Pizza has been the subject of some interesting science lately. The PiePal allows people to order a pizza at the push of a single button. But some pizza-lovers don’t have access to such technology — especially soldiers, whose food options sometimes look about as paltry as those for astronauts. But not for long. Soon, soldiers will be able to eat the “holy grail of comfort food.”
In the early 1980s, MREs (meals ready to eat) replaced canned foods for military rations, and ever since, soldiers have understandably clamored for pizza. Researchers at the Massachusetts-based U.S. Army Natick Soldier Research, Development and Engineering Center are finishing work on an MRE-style pizza, which could last in the package for up to three years. They’ve been working on the pizza for nearly two years, and the task has proven quite a challenge. I make homemade pizza pretty often myself, and I have to admit that I can’t fathom a way that something with all that cheese could possibly stay edible without refrigeration for a matter of days, let alone years. Besides the cheese going bad, I don’t know how one would stop the tomato sauce from soaking straight through the crust and leaving it a soggy mess. These were just some of the challenges faced by researchers. But in the name of pizza, they pushed on.
Researchers did all kinds of work to figure out how to contain the moisture from the sauce. They used humectants, substances that form hydrogen bonds with water molecules, to keep the sauce from seeping into the dough. Humectants are the opposite of desiccants, those little packages you find in everything from shoes to foods, and in this case the humectants of choice include salty and sugary syrups. But that’s just one hurdle of many.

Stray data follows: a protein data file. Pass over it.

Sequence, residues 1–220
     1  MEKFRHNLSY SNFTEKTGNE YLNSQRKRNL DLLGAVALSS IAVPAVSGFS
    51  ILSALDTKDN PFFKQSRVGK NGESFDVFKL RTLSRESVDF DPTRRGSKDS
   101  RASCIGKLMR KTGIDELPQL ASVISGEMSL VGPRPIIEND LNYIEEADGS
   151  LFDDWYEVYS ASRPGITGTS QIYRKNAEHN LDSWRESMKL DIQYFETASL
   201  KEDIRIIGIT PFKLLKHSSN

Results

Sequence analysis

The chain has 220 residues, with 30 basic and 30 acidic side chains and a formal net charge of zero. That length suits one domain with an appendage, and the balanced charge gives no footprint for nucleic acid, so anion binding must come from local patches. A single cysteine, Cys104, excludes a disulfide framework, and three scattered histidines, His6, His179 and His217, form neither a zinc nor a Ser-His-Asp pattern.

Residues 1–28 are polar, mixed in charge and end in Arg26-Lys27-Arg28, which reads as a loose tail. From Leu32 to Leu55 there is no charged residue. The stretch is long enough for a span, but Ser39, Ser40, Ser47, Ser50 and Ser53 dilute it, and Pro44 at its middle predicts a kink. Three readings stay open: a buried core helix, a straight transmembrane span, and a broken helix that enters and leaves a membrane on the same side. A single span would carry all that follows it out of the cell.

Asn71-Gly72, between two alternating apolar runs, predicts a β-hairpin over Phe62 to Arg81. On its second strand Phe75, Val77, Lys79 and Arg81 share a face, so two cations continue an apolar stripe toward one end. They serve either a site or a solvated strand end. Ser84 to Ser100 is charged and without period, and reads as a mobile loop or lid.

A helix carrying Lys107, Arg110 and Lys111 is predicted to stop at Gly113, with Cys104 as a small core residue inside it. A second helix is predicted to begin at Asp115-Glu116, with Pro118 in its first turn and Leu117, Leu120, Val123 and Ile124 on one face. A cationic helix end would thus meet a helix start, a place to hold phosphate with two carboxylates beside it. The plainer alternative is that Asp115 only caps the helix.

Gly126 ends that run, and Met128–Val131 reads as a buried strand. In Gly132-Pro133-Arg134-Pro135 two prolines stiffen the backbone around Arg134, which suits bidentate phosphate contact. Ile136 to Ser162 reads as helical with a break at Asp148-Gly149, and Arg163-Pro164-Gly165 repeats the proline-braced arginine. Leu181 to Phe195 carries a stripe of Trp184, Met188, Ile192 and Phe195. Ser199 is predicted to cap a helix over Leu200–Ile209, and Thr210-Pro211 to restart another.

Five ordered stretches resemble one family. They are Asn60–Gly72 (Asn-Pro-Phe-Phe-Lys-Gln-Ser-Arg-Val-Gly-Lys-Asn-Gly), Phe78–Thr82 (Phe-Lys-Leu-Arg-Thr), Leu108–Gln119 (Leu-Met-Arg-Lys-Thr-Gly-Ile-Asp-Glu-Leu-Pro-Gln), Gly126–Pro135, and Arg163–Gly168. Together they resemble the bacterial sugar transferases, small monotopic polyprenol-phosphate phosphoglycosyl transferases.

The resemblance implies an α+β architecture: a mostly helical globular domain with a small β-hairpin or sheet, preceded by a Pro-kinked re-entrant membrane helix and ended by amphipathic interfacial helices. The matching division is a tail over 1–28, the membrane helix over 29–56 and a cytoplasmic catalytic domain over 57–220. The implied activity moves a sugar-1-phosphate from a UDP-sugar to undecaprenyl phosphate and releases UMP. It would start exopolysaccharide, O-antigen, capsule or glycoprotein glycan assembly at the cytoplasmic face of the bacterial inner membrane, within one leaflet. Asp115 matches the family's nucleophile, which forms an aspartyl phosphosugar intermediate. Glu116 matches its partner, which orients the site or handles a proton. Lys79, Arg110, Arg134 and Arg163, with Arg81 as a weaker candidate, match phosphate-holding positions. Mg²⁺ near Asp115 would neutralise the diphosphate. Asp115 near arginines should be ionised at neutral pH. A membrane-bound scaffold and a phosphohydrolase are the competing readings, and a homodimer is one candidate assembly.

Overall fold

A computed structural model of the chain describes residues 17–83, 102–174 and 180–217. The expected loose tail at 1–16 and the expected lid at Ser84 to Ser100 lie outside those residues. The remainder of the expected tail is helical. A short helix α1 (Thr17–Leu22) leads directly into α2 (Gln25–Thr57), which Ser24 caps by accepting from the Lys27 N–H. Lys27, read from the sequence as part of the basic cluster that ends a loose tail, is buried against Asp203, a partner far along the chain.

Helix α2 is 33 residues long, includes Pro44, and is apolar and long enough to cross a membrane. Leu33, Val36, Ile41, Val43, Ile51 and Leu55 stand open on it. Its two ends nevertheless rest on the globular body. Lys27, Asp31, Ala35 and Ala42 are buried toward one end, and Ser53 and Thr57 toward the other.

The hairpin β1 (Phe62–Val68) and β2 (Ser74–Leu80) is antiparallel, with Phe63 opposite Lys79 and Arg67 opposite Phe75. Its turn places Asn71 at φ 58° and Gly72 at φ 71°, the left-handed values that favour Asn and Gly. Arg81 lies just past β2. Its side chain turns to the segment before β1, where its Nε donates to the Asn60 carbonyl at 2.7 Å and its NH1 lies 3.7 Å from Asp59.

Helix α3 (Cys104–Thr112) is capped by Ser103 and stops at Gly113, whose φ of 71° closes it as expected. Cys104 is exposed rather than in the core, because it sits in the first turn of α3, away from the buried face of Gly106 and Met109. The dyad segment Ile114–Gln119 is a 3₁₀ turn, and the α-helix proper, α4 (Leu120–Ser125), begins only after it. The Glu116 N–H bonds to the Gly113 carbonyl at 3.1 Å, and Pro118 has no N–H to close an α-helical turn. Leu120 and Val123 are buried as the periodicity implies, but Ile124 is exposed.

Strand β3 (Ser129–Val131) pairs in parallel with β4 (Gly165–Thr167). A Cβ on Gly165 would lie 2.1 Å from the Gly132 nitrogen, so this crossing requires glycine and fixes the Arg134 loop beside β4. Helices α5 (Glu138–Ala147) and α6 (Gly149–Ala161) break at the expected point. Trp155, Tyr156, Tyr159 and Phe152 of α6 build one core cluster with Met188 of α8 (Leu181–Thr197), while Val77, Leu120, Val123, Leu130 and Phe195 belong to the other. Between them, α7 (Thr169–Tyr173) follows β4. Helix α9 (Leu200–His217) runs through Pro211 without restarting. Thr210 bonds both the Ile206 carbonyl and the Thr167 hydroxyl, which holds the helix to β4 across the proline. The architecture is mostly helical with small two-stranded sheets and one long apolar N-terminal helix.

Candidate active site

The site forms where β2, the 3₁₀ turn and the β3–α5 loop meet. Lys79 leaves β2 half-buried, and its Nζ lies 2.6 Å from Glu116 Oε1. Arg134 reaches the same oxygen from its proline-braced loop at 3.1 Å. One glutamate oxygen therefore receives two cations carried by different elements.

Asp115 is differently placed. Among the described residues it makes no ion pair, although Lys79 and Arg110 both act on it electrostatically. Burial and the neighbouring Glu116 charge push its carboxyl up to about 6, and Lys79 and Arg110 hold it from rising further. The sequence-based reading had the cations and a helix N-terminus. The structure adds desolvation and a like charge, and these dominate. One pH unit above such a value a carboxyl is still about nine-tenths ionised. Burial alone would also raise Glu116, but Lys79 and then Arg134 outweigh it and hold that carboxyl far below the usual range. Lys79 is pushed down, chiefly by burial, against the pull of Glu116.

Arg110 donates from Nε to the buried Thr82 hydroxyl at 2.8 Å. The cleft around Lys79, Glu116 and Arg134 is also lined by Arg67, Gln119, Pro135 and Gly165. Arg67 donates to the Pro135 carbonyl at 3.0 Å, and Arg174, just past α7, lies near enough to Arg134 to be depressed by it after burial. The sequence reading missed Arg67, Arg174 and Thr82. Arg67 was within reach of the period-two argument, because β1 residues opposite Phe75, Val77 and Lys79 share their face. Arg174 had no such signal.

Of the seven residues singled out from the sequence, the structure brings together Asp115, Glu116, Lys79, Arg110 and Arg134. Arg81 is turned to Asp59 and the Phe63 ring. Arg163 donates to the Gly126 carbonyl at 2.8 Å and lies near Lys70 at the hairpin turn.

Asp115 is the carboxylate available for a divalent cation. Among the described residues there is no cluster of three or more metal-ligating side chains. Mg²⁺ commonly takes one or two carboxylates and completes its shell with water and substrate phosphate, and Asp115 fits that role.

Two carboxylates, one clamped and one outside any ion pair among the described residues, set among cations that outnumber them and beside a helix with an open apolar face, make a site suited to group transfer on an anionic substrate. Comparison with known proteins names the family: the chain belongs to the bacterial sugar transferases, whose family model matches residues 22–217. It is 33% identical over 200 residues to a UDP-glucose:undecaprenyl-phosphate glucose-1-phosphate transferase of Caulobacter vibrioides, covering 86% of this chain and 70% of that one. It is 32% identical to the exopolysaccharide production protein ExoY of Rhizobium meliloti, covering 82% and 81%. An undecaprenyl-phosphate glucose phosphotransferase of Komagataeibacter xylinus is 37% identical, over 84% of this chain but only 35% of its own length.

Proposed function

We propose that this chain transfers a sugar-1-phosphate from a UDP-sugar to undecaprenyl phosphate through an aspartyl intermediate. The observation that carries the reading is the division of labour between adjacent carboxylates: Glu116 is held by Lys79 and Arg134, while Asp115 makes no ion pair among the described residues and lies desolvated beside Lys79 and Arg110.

There’s also the problem that this pizza would be in warm areas for long periods of time, which in any other case would cause it to become more of a brick than a slice. Scientists tinkered with the ingredients, adding acidity that would stave off bacteria and help keep out oxygen. And instead of putting desiccants in the MRE pouch, they put in iron filings to help absorb excess air. Well, that sounds delicious, and hey, no need for iron supplements!
So here’s the million-dollar question: is this pizza actually decent? Soldiers don’t know yet, as it’s still in a prototype phase, but the head of the Natick taste lab says she’s happy with the flavor of the most recent batch of pepperoni (I hadn’t even considered the meaty toppings — that’s like extra credit). She likened it to a “typical pan pizza that you would make at home.” Well, okay, if you say so. A lab spokesman who used to be a lieutenant colonel in the Army liked it too, and said that something that the soldiers associate with home can serve as an important morale boost.
One detail that would be strange about this MRE pizza is that it wouldn’t be hot or cold, but hey, if it actually tastes good, I think that’s a minor detail. Speaking of details, the lab is developing a turkey pepperoni version for soldiers who don’t eat pork. Aw, that’s considerate! But what about the, um, vegetarian soldiers? There are some of those, right? Or maybe I’m just projecting. Somehow I don’t think soy-roni would make it three years.